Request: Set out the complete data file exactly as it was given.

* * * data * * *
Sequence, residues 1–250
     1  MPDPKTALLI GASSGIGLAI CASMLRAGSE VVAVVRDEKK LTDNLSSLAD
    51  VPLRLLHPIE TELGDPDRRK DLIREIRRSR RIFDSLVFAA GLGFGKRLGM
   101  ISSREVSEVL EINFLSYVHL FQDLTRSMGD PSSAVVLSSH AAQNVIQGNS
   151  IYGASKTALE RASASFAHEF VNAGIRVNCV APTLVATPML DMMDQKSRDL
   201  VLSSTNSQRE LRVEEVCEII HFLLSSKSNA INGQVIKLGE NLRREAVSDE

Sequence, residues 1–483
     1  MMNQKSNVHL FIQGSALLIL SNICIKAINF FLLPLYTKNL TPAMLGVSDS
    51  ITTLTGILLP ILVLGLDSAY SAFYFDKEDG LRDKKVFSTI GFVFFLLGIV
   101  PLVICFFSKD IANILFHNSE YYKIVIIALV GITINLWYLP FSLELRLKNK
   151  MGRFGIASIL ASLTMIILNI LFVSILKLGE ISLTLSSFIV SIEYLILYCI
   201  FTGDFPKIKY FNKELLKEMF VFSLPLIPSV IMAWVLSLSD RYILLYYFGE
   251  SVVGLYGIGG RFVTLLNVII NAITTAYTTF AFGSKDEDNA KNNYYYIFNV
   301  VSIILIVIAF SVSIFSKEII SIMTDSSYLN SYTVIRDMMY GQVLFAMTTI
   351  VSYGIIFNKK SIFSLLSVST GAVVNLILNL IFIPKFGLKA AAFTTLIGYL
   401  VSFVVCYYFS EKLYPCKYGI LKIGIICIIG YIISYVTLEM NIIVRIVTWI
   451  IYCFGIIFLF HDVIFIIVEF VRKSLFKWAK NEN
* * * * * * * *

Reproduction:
Sequence, residues 1–250
     1  MPDPKTALLI GASSGIGLAI CASMLRAGSE VVAVVRDEKK LTDNLSSLAD
    51  VPLRLLHPIE TELGDPDRRK DLIREIRRSR RIFDSLVFAA GLGFGKRLGM
   101  ISSREVSEVL EINFLSYVHL FQDLTRSMGD PSSAVVLSSH AAQNVIQGNS
   151  IYGASKTALE RASASFAHEF VNAGIRVNCV APTLVATPML DMMDQKSRDL
   201  VLSSTNSQRE LRVEEVCEII HFLLSSKSNA INGQVIKLGE NLRREAVSDE

Sequence, residues 1–483
     1  MMNQKSNVHL FIQGSALLIL SNICIKAINF FLLPLYTKNL TPAMLGVSDS
    51  ITTLTGILLP ILVLGLDSAY SAFYFDKEDG LRDKKVFSTI GFVFFLLGIV
   101  PLVICFFSKD IANILFHNSE YYKIVIIALV GITINLWYLP FSLELRLKNK
   151  MGRFGIASIL ASLTMIILNI LFVSILKLGE ISLTLSSFIV SIEYLILYCI
   201  FTGDFPKIKY FNKELLKEMF VFSLPLIPSV IMAWVLSLSD RYILLYYFGE
   251  SVVGLYGIGG RFVTLLNVII NAITTAYTTF AFGSKDEDNA KNNYYYIFNV
   301  VSIILIVIAF SVSIFSKEII SIMTDSSYLN SYTVIRDMMY GQVLFAMTTI
   351  VSYGIIFNKK SIFSLLSVST GAVVNLILNL IFIPKFGLKA AAFTTLIGYL
   401  VSFVVCYYFS EKLYPCKYGI LKIGIICIIG YIISYVTLEM NIIVRIVTWI
   451  IYCFGIIFLF HDVIFIIVEF VRKSLFKWAK NEN